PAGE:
[Loadstone] Accurate point entry

David Allen wd8ldy at xtra.co.nz
Sat Jun 30 08:15:07 BST 2007

Hi Brett and list!

Thanks for the info. Yes, you've opened up something that I've wondered 
about. - this accuracy reading. I've checked that a lot but didn't 
understand (and not sure I do yet) what it means. The other day, I had a 
result of something like 50 when I pressed accuracy. Usually, it is between 
1 something and 3 something.

I have turned off power saving and my points that i've played with today do 
seem a bit closer than they were previously. But this drift thing is 
definitely something to keep in mind. Maybe I chose the wrong receiver, but 
since I do a fair amount of travelling in various cars, the comments about 
that in the FAQ were my deciding guide, besides local availability and 
affordability, of course. While heading seems to change even though I 
haven't changed my direction, I still believe it isn't as wrong as the 
Robotron talking compass which I returned after a week. That thing was 
hopeless, at least in New Zealand. I said it guessed a direction each time 
you pushed the button and gave you an answer, whether it meant anything or 


 of course
----- Original Message ----- 
From: "Brett" <brett06 at tpg.com.au>
To: <loadstone at loadstone-gps.com>
Sent: Saturday, June 30, 2007 6:01 PM
Subject: Re: [Loadstone] Accurate point entry

> Hi David,
> I find you get more accurate positioning if once you have established a
> connection with your GPS receiver, go in to the GPS menu of Loadstone and
> turn off "power saving". This seems to cause my receiver to get stronger
> reception. Also when checking the accuracy of your points, try to do them
> when moving. The SIRF3 chipsets do have quite a bit of drift when standing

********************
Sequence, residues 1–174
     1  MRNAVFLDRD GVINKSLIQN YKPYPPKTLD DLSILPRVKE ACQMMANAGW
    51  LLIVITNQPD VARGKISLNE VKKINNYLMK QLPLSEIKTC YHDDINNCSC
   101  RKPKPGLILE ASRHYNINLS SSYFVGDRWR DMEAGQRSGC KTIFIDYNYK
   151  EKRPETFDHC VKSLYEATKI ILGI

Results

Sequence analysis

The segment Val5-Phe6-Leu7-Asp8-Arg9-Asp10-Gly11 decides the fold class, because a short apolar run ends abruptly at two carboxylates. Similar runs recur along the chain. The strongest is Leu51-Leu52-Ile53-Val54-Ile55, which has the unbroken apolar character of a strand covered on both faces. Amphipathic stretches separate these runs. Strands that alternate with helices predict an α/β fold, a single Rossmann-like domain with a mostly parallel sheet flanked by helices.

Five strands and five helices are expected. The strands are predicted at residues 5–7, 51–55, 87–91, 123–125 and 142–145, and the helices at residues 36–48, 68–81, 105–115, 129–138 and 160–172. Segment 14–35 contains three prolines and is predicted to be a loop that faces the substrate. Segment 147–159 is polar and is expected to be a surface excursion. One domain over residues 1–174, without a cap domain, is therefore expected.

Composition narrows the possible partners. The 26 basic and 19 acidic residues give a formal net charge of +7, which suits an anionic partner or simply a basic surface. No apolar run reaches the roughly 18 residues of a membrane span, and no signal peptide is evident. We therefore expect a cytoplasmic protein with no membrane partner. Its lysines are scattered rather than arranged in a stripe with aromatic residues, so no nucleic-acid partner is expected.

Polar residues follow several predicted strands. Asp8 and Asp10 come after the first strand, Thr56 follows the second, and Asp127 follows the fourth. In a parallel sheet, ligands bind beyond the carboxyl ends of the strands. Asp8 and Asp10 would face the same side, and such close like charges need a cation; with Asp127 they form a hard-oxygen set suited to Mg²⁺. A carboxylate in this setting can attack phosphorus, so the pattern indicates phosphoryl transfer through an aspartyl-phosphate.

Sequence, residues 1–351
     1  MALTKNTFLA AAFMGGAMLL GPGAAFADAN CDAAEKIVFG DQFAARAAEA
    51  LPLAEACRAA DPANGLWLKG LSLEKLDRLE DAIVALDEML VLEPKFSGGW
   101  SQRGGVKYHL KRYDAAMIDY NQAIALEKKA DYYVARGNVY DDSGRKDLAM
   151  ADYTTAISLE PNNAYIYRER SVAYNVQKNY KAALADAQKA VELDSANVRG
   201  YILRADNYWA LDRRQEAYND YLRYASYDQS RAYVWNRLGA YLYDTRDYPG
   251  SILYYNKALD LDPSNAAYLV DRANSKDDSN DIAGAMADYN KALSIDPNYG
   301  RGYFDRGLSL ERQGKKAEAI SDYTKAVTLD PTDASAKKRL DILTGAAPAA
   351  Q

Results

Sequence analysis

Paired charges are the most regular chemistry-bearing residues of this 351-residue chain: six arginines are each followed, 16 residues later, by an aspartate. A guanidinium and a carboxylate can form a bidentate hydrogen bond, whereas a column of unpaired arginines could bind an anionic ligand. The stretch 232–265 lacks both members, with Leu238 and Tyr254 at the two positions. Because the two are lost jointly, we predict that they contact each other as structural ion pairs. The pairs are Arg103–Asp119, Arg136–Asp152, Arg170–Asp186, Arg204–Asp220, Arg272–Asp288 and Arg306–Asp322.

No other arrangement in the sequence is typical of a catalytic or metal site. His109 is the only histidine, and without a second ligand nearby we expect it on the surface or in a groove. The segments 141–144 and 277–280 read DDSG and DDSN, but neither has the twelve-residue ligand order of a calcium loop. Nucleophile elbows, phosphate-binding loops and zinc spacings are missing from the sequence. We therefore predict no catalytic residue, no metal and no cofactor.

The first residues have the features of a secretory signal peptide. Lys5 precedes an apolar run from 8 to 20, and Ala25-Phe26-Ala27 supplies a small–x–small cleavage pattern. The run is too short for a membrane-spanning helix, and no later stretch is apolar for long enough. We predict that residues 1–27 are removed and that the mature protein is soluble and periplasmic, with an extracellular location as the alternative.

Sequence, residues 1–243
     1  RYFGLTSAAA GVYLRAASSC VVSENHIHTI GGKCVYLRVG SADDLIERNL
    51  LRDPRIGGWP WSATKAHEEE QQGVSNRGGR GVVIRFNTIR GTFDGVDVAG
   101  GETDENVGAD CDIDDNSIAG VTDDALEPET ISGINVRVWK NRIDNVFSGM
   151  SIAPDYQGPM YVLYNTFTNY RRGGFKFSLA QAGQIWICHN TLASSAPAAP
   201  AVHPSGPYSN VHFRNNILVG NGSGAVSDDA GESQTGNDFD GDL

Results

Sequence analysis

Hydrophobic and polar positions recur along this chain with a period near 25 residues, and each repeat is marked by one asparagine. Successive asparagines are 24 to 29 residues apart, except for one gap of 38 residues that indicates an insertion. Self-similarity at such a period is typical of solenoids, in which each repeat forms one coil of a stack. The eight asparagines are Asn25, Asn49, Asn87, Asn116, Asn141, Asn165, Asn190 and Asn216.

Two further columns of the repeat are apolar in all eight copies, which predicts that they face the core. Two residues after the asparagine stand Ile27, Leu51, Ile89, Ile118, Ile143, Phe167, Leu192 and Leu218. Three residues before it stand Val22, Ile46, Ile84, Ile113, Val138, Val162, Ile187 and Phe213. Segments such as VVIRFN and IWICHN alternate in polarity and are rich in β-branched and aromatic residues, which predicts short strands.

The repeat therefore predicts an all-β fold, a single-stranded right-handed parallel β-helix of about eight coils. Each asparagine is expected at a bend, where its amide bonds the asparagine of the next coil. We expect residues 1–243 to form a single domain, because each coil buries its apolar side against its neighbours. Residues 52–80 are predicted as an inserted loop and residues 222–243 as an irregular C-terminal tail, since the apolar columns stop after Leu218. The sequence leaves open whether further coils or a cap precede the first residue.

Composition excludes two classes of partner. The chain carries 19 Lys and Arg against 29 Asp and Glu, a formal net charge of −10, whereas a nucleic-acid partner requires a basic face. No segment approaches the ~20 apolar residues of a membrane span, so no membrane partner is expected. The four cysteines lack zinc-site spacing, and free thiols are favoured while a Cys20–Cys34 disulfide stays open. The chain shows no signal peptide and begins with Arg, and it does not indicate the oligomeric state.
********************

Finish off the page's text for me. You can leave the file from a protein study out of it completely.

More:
> still, so it could be that the drift is causing your point to seem in
> accurate. If I walk past my local bus stop and check the accuracy of my
> point, it is usually with in 3 to 4 meters. But when I check it while
> standing still at the bus stop, it can be anywhere from 3 to 15 meters,
> because of the drift in the Sirf3 chipset when standing still. You need to
> keep this in mind when evaluating the accuracy of your points.
> Hope this helps,
> Brett.
> ----- Original Message ----- 
> From: "David Allen" <wd8ldy at xtra.co.nz>
> To: <loadstone at loadstone-gps.com>
> Sent: Saturday, June 30, 2007 1:29 PM
> Subject: [Loadstone] Accurate point entry
>> Hi list!
>> Well this is probably a beginner's question, too, but I know everyone was
>> a
>> beginner sometime.
>> I understand that positions marked inside wouldn't be accurate. I also
>> understand that entering points while stationary isn't useful. But here's
>> the thing. I've tried entering points outside while in motion and these
>> don't seem to be any more accurate than  the inside ones. How can I
>> improve
>> on this? I recently was at a place where I entered a point yesterday.
>> Loadstone told me that the point was 12 Metres away at 12 o'clock. Now I
>> know exactly where I was.
>> I suspect the number of sattelites that are visible can be a factor in
>> making your position more accurate as well. Is there a way of improving 
>> on
>> that? I know that buildings can corrupt signals, so how far must you be
>> from
>> a building to keep it from distorting your reception? Can a fence cause a
>> problem? For example, one of the points I entered is very near a fence 
>> and
>> it is taller than I am. Oh, the pains of being short. But anyway, these
>> are
>> the things that I'm wondering as I begin to develop my own ideas about
>> entering points.
>> I wish there was a way of changing the measurements used. I can
>> appreciuate
>> that I live in a metric country so everything here is in metres. But I
>> find
>> it harder to reconcile the distances mentioned in my mind. After all,
>> since
>> this is a personal thing we're doing for ourselves by entering points,
>> shouldn't we have measurements that make sense to us? Maybe this
>> functionality is already there, and I've missed it. If it isn't, perhaps
>> it
>> could be looked at.
>> Cheers,
>> Dave
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